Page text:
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nutrient IV drips?
- To: Aquatic-Plants at actwin_com
- Subject: nutrient IV drips?
- From: Paul Krombholz <krombhol at teclink_net>
- Date: Thu, 1 Aug 2002 23:42:34 -0500
- In-reply-to: <200208011948.g71Jm1Y02418 at acme_actwin.com>
- References: <200208011948.g71Jm1Y02418 at acme_actwin.com>
I think the opinion pendulum is swinging way too far in the direction
of too frequent additions of nutrients that can actually be added
much less frequently. Let's look at the various groups of nutrients
and see if we can determine which ones have to be added frequently,
and which do not.
Why would we have to add a nutrient frequently? Here are some
(1) The nutrient has only a narrow range of concentrations where the
plant is neither harmed nor deficient. Harm to other tank
inhabitants is also a concern. Here, I am thinking of ammonia and
urea, which become toxic at about the same levels. However, we don't
have to add nitrogen in these forms. We can use nitrate, which is
much less toxic at high levels.
(2) The nutrient does not stay in solution, but precipitates out
and becomes unavailable. Iron is the one I am thinking of here.
Soluble ferrous compounds get oxidized to insoluble ferric compounds
in only a day or two in the presence of oxygen. Iron EDTA lasts
somewhat longer, but the chelating agent, EDTA, is sensitive to light
and gets broken down. Iron DPTA is the best, lasting for one to two
(3) (very similar to #2) The nutrient can get converted chemically
to an unavailable form. Here, I am thinking of nitrate, which can
get converted by the process of denitrification to N2, which is not a
precipitate, but still unavailable.
That's all I can think of.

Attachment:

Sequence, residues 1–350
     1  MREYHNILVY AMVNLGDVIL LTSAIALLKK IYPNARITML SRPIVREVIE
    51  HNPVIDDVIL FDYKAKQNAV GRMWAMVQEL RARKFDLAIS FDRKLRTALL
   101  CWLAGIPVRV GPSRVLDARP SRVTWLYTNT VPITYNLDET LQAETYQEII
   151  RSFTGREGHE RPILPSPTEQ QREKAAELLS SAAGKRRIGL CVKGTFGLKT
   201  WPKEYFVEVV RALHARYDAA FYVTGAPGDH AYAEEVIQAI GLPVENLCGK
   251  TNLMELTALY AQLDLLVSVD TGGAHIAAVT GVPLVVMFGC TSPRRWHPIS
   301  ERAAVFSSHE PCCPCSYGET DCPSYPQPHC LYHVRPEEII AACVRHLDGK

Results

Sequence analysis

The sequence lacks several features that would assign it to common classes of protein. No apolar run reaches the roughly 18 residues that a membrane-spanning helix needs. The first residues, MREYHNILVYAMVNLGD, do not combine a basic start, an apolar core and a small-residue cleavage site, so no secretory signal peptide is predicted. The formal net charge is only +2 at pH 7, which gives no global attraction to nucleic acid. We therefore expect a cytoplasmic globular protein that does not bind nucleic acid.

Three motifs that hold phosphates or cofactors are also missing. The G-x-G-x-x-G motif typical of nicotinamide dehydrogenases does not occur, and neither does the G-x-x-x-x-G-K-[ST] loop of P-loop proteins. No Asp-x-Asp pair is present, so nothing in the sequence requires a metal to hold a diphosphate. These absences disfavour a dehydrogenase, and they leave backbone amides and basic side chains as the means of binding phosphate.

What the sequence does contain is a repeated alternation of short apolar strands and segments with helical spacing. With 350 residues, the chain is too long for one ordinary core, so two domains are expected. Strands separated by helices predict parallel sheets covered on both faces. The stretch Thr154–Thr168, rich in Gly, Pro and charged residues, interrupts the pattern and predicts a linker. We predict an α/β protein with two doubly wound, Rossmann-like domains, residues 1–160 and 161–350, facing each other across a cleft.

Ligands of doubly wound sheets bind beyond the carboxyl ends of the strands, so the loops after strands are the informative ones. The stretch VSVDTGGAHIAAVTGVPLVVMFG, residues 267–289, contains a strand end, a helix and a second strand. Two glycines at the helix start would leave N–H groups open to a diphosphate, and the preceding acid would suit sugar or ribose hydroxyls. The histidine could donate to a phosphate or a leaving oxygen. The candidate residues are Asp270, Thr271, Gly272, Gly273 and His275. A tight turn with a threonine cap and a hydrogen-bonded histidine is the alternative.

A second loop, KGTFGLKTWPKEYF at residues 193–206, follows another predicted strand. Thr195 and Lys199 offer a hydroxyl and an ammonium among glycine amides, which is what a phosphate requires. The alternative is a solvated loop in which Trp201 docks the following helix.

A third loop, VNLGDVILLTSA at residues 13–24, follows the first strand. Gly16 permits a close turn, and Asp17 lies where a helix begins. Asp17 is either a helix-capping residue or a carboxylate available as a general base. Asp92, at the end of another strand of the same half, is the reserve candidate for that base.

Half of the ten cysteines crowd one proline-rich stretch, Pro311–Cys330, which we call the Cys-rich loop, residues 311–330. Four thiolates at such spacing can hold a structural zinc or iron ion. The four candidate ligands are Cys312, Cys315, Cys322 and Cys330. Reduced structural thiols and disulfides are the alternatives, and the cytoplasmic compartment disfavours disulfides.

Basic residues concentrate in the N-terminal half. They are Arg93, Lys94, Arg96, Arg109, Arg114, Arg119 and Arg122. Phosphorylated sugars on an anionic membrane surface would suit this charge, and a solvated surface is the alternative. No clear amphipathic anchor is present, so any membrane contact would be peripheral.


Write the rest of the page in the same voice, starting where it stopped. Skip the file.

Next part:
Let's look at the micronutrients, including iron. All of them have a
wide range between toxicity and deficiency. It is possible to put in
enough so that a small volume of solution can grow a rather large
volume of plants. In mixing up nutrient solutions for hydroponics,
it is routine to add the micronutrients only at the beginning. The
solution is discarded when the macronutrients are all used up. It is
not considered necessary to freshen up the micronutrients while the
plant is growing.
Looking at the macronutrients, if you avoid ammonia or urea, there is
also a wide range between toxicity and deficiency. There is a slight
concern with phosphate because, if you get it too high, it starts to
precipitate out soluble iron. You also have to keep the pH from
getting real high, or the phosphate will precipitate out with
calcium. CO2 additions come in handy here. A concern with nitrate
is that it can be lost by denitrification and not all get to the
plants. Basically, you can add enough of all the macrontrients to
support growth for quite a long time.
I conclude that Nitrogen and iron are the two elements that you can
not add in excess and expect that they will hang around until they
are used up by the plants. Well, to be picky, I suppose that calcium
can go into snail shells instead of the plants, but old snail shells
limestone, etc. release it back. It is not much of a problem to keep
calcium levels up. Nitrate seems to go somewhere else if the plants
don't take it up. You really can't expect it to hang around and
eventually all go into the plants. That is why nitrate testing is so
important for the aquatic gardener. Iron, also, doesn't wait
patiently for the plants to get it. As the chelating agent gets
broken down by microorganisms or light, iron precipitates out. If
there are not anaerobic areas in the gravel where the precipitated
iron can be reduced and made soluble, it will remain unavailable.
My experience with iron DPTA is that it lasts in solution up to three
weeks. It would be better if the commercial solutions did not include
iron with all the other micronutrients, because most people add these
solutions on a weekly basis to keep their iron up, and they are
adding unnecessary amounts of the other micronutrients. It would be
better if you could get a separate iron solution and a
one-shot-between-water-changes solution for the other micronutrients.
I like to add nitrate every one or two weeks. All the other
nutrients can be added in quantities sufficient to last for months.
Paul Krombholz in well-watered Central Mississippi, where we got
drenched again, today. (2.55 inches!)